True, he has performed a miracle in reviving his party but to pull off a “change we can believe in” campaign would be some achievement. He can rest assured that Fine Gael will take every opportunity to remind voters of his long record of public service.
The second part of Martin’s current edge in the race, Fine Gaelers accept, lies in his superior ability to pull in votes for Taoiseach in the post-election Dáil. The Fianna Fáil leader has been assiduously cultivating Labour, the Greens and Independents over the past year with precisely this view in mind, while the Taoiseach has been needlessly alienating them – though Dáil observers noticed Varadkar suddenly starting trying to be nice to them after the local elections.
So on these two fronts, the advantage currently lies with Fianna Fáil, which is now seriously in the hunt for a remarkable return to government less than a decade after it was turfed out and barred from the premises.
Varadkar needs a Brexit boost, Government insiders admit, so an election called after a no-deal is averted is attractive to him
However, there are two very important elements of the next election missing from these summaries. The first is context, and the second is the campaign. Both will have a massive – and probably decisive – bearing on the outcome of the next election.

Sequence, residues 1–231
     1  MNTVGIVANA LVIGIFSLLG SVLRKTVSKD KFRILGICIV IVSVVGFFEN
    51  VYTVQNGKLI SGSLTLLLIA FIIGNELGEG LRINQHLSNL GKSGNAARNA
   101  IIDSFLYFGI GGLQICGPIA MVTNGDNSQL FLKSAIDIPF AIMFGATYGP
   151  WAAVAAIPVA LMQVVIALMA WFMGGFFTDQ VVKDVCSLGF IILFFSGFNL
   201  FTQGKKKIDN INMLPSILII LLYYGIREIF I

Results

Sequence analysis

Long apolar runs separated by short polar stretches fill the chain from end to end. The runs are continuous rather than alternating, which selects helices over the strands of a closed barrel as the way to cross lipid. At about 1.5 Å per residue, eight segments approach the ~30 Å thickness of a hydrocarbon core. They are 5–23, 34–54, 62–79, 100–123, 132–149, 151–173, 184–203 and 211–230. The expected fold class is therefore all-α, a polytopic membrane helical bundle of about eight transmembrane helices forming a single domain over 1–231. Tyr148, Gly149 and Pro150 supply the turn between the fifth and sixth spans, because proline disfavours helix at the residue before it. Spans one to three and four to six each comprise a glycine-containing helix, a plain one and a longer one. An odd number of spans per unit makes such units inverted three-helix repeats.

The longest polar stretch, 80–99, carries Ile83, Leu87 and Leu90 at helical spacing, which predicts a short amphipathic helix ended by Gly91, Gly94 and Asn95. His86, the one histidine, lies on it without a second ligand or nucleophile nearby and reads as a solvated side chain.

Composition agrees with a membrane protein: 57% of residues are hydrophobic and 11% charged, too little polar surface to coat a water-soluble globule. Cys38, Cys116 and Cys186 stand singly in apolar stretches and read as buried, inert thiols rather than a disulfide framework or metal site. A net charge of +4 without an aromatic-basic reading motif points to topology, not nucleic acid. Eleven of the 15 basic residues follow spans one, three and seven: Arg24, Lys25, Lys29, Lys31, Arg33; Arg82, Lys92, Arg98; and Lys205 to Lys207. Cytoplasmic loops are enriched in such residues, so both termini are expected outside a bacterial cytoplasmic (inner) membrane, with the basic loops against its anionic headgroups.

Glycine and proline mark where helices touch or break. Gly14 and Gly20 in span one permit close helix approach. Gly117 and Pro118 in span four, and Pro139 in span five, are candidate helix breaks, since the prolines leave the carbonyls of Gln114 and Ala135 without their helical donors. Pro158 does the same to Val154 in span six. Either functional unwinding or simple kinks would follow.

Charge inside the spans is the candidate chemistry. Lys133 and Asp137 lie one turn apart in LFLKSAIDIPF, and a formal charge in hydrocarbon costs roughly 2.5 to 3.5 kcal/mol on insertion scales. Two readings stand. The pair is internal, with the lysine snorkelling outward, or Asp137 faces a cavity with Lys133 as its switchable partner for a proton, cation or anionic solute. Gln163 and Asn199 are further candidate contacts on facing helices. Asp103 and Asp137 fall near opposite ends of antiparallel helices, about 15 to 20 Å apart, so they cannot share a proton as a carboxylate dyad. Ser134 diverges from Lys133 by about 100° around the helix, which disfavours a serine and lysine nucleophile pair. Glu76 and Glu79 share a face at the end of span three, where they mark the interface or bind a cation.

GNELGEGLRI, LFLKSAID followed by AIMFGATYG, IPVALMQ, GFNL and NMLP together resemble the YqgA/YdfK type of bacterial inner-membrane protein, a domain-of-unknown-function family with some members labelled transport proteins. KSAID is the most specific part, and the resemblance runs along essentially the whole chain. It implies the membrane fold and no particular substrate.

The context of the next election will be decided in the first instance by whatever the resolution of Brexit, and thereafter by the trigger for the vote. Varadkar needs a Brexit boost, Government insiders admit, so an election called after a no-deal is averted is attractive to him – especially if he can plausibly claim to have managed the process to achieve that outcome. In that respect, if Johnson seeks a realistic and deliverable compromise on the backstop, there is a powerful incentive for Varadkar to swerve and reach a new deal. He certainly can’t claim to have managed Brexit successfully if there’s a no-deal.
All campaigns are hard to predict and rarely go along expected lines, just as no military strategy (as they say) survives first contact with the enemy. But it will be a fascinating contest between Martin and Varadkar, with a wide range of potential outcomes. Martin is a wily and experienced campaigner; Varadkar’s campaign could go badly wrong for him – but it could go spectacularly right too.
None of this, of course, will be visible until Brexit is settled. But after the events of this week, that process – the determination of the shape of the United Kingdom’s exit – has been accelerated. The reckoning approaches swiftly.
Johnson is pushing for a general election and the proroguing of parliament is an effort to goad his opponents into it. Before he can do anything – deal or no deal – Johnson needs to change the numbers in parliament or he will be destroyed by the lack of a majority just as his wretched predecessor was. That view is shared by a number of people near the top of Government here.
Their expectation that he may get his way is only fuelling the necessity to prepare for the election that will inevitably follow the UK’s Brexit denouement. Politics always happens simultaneously visibly and invisibly. That those election preparations are largely subterranean does not dilute their urgency.